Commonly taken recreationally, cocaine is frequently mixed with other stimulants, hallucinogens, and depressants. Many of the interactions between cocaine and other drugs can lead to life-threatening conditions.
Interactions with the prescription amphetamine, Vyvanse, can cause complications relating to the potential for overdose, impaired heart function, and long-term impacts on mental health.
Why Do People Mix Cocaine And Vyvanse?
Cocaine is often taken with“downer” drugs to ease the “comedown” and mellow out anxiety or jitters from the cocaine use.
Vyvanse is an amphetamine prodrug that works similarly to cocaine in its effects on speeding up the heart.
Vyvanse is a slow-release prescription tablet used to treat Attention-Deficit/Hyperactivity Disorder (ADHD) in adults and children.
It is occasionally used to facilitate weight loss, and treat symptoms of schizophrenia and depression. It carries a high potential for abuse, addiction, and withdrawal.
People that abuse cocaine may use Vyvanse to prolong their high — since Vyvanse’s effects last for up to eight hours, and a cocaine high might last a half-hour.
This drug combination may be a more “efficient” use of cocaine for some, but it carries dangerous effects in both the long term and short term.
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Combined Effects Of Cocaine And Vyvanse
Vyvanse increases norepinephrine in the brain, which is a stimulant. It also increases dopamine, which creates reinforcement and pleasure responses.
Cocaine gives people a feeling of invincibility, alertness, and positive feelings that can be addictive and cause physical dependence.
Cocaine is a dopamine, norepinephrine, and serotonin reuptake inhibitor, which causes extreme physical and emotional reactions as well as heightened energy. This response is typically short-acting.
When cocaine is taken with prescription stimulants like Vyvanse (Lisdexamfetamine), it can cause extra stress on the cardiovascular system.
Heart attack, stroke, and death may result from taking these stimulant drugs together.
Cocaine and Vyvanse affect critical body functions including the heart and lungs. Both Vyvanse and cocaine increase blood pressure and heart rate.
Together, they can cause tremors, manic behavior, and panic attacks when abused to excess.
Short-term effects of both drugs include:
- high blood pressure (hypertension)
- increased heart rate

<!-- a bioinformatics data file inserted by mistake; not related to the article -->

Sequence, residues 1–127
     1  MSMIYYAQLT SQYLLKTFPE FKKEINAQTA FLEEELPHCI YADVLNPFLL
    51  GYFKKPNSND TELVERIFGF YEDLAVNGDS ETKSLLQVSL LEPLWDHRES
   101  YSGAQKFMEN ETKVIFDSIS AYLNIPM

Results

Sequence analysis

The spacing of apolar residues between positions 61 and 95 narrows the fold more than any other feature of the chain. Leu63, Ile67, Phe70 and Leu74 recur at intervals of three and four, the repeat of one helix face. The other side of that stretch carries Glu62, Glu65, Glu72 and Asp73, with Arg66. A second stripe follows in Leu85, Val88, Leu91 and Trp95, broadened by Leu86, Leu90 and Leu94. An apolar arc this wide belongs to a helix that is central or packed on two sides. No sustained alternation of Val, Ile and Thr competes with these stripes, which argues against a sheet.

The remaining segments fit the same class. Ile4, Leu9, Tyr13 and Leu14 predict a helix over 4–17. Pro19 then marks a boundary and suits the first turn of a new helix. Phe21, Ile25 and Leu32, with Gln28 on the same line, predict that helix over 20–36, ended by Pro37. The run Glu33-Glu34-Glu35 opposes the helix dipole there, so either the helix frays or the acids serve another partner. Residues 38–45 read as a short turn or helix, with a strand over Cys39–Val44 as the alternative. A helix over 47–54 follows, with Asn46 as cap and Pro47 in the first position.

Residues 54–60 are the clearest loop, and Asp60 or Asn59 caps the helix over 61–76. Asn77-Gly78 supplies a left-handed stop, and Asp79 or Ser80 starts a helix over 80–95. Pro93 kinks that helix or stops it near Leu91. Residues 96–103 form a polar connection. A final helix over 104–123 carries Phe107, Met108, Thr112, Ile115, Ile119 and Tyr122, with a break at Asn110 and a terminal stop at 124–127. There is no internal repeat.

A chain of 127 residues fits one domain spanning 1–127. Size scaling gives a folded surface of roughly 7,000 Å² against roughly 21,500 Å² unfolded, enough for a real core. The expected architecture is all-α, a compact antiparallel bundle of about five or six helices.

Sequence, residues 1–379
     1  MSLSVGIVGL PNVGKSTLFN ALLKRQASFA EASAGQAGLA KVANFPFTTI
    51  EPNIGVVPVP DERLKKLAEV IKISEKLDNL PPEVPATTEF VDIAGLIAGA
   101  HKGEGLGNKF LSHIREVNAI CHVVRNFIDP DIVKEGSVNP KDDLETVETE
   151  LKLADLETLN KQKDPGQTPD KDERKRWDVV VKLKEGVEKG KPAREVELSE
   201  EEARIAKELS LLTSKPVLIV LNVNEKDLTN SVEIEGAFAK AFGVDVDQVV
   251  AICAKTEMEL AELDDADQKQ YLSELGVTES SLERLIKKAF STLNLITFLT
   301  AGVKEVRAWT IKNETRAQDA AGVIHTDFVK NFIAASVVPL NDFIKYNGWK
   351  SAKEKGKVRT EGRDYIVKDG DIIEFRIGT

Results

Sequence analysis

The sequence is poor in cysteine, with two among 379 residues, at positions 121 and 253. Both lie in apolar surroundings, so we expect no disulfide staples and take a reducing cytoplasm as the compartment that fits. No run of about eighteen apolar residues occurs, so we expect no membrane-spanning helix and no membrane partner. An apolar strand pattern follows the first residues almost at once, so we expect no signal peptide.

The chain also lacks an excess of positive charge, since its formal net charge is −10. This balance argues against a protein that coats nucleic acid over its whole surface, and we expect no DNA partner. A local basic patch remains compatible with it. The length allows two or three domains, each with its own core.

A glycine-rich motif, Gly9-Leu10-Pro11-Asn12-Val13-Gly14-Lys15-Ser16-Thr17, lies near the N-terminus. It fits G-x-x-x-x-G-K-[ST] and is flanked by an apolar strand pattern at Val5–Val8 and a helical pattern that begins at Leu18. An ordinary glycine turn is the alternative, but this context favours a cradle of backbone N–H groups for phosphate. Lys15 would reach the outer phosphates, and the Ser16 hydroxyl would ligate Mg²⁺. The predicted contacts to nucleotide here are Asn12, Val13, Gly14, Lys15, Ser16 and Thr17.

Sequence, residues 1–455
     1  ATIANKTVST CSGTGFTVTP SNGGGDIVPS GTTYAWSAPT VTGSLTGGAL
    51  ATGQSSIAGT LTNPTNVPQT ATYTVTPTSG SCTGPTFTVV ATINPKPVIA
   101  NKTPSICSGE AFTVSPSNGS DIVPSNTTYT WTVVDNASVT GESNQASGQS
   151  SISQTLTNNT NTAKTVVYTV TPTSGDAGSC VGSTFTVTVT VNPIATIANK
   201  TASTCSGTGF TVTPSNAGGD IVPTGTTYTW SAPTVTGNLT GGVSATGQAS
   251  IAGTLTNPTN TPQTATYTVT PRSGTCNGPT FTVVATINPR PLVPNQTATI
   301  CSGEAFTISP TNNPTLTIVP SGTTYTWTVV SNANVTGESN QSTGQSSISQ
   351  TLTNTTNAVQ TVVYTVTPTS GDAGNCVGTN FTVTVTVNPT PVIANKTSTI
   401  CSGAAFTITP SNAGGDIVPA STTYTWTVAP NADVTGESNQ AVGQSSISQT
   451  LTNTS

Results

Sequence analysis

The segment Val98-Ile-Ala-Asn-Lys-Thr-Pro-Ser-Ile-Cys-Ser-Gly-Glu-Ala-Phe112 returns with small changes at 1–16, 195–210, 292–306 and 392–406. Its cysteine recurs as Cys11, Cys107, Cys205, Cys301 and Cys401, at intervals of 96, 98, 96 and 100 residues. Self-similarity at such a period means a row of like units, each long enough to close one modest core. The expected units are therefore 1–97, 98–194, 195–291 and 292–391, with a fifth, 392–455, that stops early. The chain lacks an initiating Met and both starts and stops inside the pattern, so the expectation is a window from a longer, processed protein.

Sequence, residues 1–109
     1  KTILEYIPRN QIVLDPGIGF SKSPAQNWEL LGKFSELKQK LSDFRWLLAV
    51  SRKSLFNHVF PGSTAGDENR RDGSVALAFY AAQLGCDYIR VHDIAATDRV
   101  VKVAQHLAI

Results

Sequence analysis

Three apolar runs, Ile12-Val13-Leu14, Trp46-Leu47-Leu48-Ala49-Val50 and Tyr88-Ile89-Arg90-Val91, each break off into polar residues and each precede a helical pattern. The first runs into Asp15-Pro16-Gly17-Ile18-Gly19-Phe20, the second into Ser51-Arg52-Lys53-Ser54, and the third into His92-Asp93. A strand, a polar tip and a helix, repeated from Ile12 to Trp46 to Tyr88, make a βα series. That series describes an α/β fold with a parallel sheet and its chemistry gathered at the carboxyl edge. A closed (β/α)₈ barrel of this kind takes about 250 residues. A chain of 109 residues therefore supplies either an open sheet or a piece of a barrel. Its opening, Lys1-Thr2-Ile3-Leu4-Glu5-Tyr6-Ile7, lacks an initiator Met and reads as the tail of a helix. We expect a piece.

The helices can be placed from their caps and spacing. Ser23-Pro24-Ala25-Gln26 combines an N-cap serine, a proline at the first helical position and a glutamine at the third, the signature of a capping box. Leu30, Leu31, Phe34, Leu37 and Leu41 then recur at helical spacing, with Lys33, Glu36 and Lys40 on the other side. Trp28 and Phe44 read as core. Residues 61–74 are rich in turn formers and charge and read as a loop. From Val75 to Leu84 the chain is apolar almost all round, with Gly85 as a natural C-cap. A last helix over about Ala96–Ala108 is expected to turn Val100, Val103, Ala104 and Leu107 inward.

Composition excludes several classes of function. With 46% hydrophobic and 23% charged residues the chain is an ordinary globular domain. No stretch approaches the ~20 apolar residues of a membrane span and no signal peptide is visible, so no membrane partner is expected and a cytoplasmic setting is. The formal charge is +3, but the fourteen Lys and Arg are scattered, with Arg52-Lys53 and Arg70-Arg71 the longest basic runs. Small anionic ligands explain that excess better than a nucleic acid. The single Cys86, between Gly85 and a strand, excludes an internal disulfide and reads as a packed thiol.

- dysrhythmia and arrhythmia
When these effects are compounded over time, cocaine and Vyvanse abuse may result in death.
The stress placed on the heart and circulatory system from abusing uppers can lead to:
- heart attack
- heart failure
- high blood pressure
Risk Of Overdose
A person that takes Vyvanse with cocaine may be more likely to take risks with these drugs that can lead to an overdose.
Combined symptoms of Vyvanse and overdose can include:
- dangerously high or low blood pressure
Long-Term Mental Illness Symptoms
When taken for a long time, cocaine is known to cause lasting mental health and neurological damage.
Combined with Vyvanse, which can work to extend the effects of cocaine, the cocaine effects combine with side effects of Vyvanse, causing changes in brain chemistry.
Serious mental health effects of mixing cocaine and Vyvanse include:
- chronic anxiety
- memory loss
- symptoms of dementia
Risk Of Cocaine And Vyvanse Addiction
Both cocaine and Vyvanse are habit-forming and may cause psychological addiction.
Effects stemming from the absence of either substance may include:
- strong drug cravings
- increased appetite
- dry mouth
- trouble concentrating
- suicidal thoughts
- appetite changes
- stomach pain
- sweating and chills
- mood swings
Getting Help For Polydrug Abuse
The long-term prospect for people that abuse cocaine involves medical complications and severe, long-term health effects. Paired with other drugs like Vyvanse, cocaine use can turn deadly.
Both inpatient and outpatient facilities can be helpful for those struggling with cocaine abuse. If you or a loved one is using cocaine by itself or alongside other drugs, it’s not too late to get help.
Talk to one of our treatment specialists for more information about the best rehab options. Call now to get started.
Addiction Resource aims to provide only the most current, accurate information in regards to addiction and addiction treatment, which means we only reference the most credible sources available.
These include peer-reviewed journals, government entities and academic institutions, and leaders in addiction healthcare and advocacy. Learn more about how we safeguard our content by viewing our editorial policy.
- American Heart Association — The effects of acute and chronic cocaine use on the heart
- Centers for Disease Control and Prevention—Attention-Deficit Hyperactivity Disorder
- Medscape — Cocaine Toxicity
- StatPearls—Amphetamine Toxicity
- Thomas Jefferson University — Cocaine Effects on Norepinephrine in the Amygdala
- U.S. Food and Drug Administration—Vyvanse
- U.S. National Library of Medicine: MedlinePlus — Cocaine intoxication